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What Next for NASA?

The Space Shuttle has become like a washed-up old rock band: doing the same old act on increasingly creaky joints, charging exorbitant prices and producing less and less of a thrill. There is little argument now about whether the Shuttle needs to be retired. The question now is, “What next?”

After Bush announced his allegedly free missions (at no additional cost to you) to the Moon and Mars, it become apparent to me that there are two divergent groups of NASA supporters. One group, to which I probably belong, is what you might call pro-Knowledge. We want to learn as much about the universe as possible with the available resources. I don't think there is much question that the most cost-effective way to do this is with robots and unmanned probes. If you only interested in acquiring knowledge, human beings simply aren't worth the cost to support their existence in space. The "experiments" that astronauts perform in space are virtually worthless*, and they aren't going to learn any more from walking around on the surface of a moon or planet than a well-designed robot.

The other group, which I can sympathize with, is what one might call pro-Adventure. They believe that it is humankind's destiny to conquer space, and that means actually showing up in person. Everyone knows that Neil Armstrong was the first human being to walk on the Moon, but few people know the name of the first device to land on Mars. Robotic bric-a-brac simply doesn't stir the popular imagination the same way that an astronaut does.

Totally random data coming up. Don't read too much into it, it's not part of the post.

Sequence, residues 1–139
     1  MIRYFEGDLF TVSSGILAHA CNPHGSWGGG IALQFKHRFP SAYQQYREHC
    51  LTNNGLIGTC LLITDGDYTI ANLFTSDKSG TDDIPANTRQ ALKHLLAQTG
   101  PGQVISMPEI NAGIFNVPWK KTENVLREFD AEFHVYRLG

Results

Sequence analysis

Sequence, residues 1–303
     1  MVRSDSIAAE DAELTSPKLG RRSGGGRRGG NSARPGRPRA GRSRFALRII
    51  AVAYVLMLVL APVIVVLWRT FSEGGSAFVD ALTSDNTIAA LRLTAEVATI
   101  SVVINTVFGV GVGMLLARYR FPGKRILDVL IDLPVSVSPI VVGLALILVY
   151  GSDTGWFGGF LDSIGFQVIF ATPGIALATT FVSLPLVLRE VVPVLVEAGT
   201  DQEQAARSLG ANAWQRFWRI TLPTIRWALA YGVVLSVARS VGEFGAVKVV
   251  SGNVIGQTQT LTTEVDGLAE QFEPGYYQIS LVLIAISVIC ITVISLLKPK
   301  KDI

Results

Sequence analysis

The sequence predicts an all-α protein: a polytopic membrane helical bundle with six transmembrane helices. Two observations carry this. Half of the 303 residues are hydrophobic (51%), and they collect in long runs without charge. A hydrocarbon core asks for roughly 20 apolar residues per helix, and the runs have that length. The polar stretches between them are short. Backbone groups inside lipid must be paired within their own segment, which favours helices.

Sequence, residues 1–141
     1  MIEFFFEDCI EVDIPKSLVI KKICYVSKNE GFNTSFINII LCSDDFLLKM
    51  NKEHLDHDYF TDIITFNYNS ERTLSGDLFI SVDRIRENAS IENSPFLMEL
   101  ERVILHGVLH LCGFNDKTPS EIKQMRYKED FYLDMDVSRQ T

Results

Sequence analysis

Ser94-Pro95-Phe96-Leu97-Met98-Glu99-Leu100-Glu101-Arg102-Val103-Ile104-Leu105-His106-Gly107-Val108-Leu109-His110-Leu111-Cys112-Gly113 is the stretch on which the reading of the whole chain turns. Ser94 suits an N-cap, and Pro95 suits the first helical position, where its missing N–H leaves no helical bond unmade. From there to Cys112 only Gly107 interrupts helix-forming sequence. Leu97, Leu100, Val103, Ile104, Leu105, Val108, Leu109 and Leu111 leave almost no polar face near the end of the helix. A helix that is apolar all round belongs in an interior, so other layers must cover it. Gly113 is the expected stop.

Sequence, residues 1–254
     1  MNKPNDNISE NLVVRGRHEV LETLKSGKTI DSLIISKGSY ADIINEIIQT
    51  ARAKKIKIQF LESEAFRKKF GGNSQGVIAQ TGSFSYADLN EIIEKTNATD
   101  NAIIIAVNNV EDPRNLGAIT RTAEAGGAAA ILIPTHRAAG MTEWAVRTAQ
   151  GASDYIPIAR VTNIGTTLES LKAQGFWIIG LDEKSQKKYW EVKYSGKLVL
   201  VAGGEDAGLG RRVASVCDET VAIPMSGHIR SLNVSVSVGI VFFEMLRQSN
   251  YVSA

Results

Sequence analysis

The question is, "What cost adventure?" In the context of limited resources, are we really going to devote hundreds of billions of dollars for what would essentially be some tourist shots of people walking on Mars? Think of Mars like the Great Wall of China. You know it is there and that you could go to the library and read all about it. How much money would you spend to get your picture taken on it?

One argument that the pro-Adventure camp has in its arsenal is the prospect of human beings eventually colonizing other planets. This prospect strikes me as unlikely to happen in the lifetime of my great-great-grandchildren, much less my own. And ultimately, why bother? We have a nice little planet here, if we manage not to screw it up.

*I heard this from someone who used to serve on a science advisory board for NASA. Admittedly, astronauts did repair the Hubble Space Telescope, but NASA might have come up with another solution if they weren't available.

Posted by Woody Mena at July 30, 2005 5:58 PM